Physicians would receive a 6.1% cut to their Medicare payments starting Jan. 1, 2011, under a proposed rule issued by the CMS. That reduction would be in addition to a projected 23.5% cut that is scheduled to take effect Dec. 1, provided that Congress doesn't act to change it. The proposed rule's creation follows a tumultuous debate on Capitol Hill over Medicare's sustainable growth-rate formula.
The SGR formula has called for payment cuts to doctors for years, with Congress stepping in intermittently to stop the reductions. The latest intervention came late in June, when the House approved legislation to replace a 21.2% Medicare physician pay cut with a 2.2% raise through November. The measure was swiftly signed into law.
If Congress doesn't act later this year, however, that 21.2% cut will reappear on Dec. 1, a CMS spokeswoman says. Taking into account the 2.2% increase physicians will receive through November, the net result will be more like a 23.5% cut, she says.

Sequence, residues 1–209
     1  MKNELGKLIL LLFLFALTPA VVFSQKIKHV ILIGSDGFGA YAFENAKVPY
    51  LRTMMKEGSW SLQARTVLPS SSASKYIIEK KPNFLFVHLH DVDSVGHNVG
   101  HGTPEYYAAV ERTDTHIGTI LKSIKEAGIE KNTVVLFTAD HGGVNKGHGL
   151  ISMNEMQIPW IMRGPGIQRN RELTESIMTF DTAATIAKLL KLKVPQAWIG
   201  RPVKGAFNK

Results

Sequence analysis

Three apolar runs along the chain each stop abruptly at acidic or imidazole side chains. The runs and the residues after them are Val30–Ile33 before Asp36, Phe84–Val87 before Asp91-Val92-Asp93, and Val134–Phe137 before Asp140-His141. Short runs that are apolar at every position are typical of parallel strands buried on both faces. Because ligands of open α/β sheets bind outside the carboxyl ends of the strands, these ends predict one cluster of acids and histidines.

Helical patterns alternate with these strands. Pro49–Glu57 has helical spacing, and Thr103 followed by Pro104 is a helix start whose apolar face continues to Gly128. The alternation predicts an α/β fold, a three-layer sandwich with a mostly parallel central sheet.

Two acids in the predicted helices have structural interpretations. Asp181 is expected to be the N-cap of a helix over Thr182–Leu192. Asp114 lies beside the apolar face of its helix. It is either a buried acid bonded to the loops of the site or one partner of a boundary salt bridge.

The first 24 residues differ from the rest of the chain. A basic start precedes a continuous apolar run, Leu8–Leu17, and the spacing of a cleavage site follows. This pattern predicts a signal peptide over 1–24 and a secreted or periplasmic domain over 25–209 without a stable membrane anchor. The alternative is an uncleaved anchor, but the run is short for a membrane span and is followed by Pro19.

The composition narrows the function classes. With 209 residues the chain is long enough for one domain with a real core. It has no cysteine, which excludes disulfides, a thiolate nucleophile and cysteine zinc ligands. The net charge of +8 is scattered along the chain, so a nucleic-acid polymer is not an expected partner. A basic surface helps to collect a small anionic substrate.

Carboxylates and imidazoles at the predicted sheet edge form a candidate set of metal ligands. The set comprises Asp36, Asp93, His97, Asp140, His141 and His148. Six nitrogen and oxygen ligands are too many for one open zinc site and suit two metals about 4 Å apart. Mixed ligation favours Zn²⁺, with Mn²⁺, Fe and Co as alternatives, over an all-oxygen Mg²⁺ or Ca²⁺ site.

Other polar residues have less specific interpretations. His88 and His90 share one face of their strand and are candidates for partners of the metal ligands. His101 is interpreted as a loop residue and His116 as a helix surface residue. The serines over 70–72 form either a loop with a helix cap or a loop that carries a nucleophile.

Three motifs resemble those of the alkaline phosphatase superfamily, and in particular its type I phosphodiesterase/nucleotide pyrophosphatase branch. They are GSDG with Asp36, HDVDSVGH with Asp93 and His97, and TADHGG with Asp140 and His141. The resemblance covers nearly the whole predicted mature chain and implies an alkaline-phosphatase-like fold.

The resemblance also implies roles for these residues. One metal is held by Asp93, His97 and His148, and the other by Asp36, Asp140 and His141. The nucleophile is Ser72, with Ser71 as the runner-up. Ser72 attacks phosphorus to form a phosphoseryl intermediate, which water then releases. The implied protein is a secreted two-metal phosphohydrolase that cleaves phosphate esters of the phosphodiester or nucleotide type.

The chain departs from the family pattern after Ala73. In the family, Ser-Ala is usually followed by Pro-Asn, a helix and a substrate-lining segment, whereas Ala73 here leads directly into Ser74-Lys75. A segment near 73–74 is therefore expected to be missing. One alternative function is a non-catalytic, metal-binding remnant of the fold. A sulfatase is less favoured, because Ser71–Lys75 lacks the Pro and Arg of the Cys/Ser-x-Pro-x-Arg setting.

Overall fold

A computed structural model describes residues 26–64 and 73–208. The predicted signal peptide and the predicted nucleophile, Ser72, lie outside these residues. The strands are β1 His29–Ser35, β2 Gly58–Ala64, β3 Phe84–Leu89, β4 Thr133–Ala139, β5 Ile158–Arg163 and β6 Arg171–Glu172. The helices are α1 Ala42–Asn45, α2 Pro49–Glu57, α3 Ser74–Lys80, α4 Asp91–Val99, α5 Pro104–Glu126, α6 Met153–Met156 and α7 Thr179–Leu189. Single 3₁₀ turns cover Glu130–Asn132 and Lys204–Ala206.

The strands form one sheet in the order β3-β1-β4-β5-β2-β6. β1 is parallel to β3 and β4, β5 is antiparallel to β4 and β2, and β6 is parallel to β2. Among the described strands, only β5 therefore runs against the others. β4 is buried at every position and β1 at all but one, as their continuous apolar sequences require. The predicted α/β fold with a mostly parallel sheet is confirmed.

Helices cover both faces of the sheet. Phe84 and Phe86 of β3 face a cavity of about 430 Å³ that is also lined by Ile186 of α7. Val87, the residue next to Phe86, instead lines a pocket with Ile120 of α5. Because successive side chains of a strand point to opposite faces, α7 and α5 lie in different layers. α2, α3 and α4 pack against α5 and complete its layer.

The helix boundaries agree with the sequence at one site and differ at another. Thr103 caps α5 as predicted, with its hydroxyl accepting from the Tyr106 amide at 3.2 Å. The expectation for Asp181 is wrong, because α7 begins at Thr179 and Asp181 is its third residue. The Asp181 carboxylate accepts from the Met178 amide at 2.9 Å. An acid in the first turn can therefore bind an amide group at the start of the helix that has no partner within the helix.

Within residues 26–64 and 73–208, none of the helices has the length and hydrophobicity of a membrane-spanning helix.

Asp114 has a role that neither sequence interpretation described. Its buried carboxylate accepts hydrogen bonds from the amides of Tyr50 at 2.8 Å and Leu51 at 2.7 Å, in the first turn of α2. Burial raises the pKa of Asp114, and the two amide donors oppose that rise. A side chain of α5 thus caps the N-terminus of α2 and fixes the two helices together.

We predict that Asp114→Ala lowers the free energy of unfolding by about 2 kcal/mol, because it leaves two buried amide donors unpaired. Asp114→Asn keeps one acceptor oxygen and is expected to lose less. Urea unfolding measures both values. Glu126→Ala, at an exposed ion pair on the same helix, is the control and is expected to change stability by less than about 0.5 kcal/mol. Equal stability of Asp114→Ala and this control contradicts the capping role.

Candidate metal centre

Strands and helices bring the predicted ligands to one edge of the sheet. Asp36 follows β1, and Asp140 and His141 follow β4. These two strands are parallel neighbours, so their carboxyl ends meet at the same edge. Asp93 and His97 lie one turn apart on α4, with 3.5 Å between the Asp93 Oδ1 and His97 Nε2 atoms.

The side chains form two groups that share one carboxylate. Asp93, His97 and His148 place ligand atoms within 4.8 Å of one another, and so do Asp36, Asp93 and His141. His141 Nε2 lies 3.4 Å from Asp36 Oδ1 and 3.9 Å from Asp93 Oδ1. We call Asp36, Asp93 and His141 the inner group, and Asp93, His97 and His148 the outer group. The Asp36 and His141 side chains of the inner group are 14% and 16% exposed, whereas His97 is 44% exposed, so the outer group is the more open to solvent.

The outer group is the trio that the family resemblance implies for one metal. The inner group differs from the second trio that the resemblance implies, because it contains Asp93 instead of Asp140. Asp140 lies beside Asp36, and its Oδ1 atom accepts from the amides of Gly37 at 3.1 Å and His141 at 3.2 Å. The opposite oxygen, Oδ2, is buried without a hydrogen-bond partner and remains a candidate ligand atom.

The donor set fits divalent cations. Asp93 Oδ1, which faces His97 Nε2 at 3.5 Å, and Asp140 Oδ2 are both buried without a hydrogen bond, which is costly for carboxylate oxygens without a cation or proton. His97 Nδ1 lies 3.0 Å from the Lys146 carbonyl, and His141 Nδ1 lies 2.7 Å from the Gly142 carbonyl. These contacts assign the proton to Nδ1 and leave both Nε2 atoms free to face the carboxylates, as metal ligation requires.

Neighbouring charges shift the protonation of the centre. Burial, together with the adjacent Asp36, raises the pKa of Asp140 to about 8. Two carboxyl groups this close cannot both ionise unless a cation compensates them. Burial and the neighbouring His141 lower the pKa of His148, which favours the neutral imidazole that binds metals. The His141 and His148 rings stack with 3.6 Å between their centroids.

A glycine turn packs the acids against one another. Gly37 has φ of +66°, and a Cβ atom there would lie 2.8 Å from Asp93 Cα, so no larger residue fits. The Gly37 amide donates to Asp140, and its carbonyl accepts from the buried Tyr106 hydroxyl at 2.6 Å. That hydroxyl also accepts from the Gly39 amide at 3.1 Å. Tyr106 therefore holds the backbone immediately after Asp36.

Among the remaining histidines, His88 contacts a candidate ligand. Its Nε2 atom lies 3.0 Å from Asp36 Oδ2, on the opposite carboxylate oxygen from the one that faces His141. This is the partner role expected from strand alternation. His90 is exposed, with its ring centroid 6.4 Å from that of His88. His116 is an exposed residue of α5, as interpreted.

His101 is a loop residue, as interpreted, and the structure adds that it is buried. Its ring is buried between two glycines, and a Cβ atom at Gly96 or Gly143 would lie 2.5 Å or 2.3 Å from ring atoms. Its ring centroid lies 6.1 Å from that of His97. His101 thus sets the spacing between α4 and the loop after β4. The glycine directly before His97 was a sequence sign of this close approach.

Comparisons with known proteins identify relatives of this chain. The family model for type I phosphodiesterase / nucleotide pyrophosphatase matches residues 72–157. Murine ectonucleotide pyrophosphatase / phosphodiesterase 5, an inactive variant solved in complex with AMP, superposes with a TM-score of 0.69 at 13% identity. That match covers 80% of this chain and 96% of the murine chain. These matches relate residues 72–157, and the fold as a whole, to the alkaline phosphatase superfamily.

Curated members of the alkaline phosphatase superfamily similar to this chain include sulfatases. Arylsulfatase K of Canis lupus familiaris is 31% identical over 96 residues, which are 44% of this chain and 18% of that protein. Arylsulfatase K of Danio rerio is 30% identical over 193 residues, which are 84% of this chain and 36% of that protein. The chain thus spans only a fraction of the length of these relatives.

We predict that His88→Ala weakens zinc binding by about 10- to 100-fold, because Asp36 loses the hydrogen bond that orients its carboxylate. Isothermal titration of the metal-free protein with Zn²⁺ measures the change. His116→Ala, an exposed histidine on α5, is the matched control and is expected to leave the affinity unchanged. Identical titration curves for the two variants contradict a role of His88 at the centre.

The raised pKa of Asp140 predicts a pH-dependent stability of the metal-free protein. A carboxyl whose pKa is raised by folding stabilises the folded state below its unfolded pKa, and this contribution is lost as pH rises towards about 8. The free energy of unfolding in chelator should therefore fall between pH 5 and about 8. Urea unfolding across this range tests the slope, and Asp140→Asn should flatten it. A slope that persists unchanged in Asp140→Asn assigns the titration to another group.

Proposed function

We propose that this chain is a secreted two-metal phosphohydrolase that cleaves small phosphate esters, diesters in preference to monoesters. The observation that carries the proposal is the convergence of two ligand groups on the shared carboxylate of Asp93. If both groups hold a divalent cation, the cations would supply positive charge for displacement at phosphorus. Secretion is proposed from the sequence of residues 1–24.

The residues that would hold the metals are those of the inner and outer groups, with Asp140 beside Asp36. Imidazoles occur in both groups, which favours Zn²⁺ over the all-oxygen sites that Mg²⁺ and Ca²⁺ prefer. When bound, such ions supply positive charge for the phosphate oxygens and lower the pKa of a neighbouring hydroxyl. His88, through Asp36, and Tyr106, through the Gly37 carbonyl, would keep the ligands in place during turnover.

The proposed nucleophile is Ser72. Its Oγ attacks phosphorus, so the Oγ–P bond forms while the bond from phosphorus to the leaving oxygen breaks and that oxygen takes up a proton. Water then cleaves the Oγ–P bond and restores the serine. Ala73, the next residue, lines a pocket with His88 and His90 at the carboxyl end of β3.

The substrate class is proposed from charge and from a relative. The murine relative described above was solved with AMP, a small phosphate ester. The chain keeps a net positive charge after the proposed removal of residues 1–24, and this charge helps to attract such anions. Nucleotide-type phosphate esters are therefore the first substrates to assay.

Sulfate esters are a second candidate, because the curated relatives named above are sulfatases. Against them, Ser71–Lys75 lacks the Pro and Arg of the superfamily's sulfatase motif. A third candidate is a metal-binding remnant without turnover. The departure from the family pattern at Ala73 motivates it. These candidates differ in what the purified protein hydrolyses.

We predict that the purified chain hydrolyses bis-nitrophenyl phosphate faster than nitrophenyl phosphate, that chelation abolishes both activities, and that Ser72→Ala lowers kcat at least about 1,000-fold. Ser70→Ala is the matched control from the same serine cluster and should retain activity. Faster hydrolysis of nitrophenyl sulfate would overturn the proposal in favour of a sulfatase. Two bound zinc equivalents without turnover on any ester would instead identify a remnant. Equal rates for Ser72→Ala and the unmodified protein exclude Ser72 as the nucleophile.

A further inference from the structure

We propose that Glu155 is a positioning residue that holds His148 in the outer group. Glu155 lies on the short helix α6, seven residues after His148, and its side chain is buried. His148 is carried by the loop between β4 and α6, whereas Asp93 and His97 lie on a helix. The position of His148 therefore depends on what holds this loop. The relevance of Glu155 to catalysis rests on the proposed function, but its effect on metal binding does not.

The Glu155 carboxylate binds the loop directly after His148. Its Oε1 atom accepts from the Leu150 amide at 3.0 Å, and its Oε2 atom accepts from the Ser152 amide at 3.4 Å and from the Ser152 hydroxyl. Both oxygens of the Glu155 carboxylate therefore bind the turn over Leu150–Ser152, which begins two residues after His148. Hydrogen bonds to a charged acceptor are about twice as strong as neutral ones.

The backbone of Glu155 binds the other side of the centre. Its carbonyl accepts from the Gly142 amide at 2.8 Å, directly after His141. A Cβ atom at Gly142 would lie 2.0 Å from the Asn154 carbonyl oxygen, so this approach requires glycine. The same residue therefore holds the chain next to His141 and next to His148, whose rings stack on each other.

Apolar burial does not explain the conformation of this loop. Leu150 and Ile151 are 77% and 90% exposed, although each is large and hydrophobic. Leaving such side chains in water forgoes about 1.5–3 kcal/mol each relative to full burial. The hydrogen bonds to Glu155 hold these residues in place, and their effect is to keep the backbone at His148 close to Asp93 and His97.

Combine the 2010 reduction with the 2011 projected cut, and physicians potentially face a nearly 30% SGR cut in January, Cecil Wilson, M.D., president of the American Medical Association, predicts. “We are very concerned about the impact the continuing uncertainty about payment rates and cash flow disruptions may have on physician practices and on beneficiary access to physicians' services,” says Jonathan Blum, deputy administrator and director of CMS' Center for Medicare. Although more than 97% of physicians have chosen to participate in Medicare for 2010, “We are hearing more stories of physicians limiting the number of beneficiaries they will see,” Blum says.
The proposed rule also seeks to implement an incentive payment for primary-care services as well as provisions in the new health reform law that would eliminate out-of-pocket costs for most preventive services. Comments on the proposed rule are due Aug. 24, with a final rule to be issued by Nov. 1.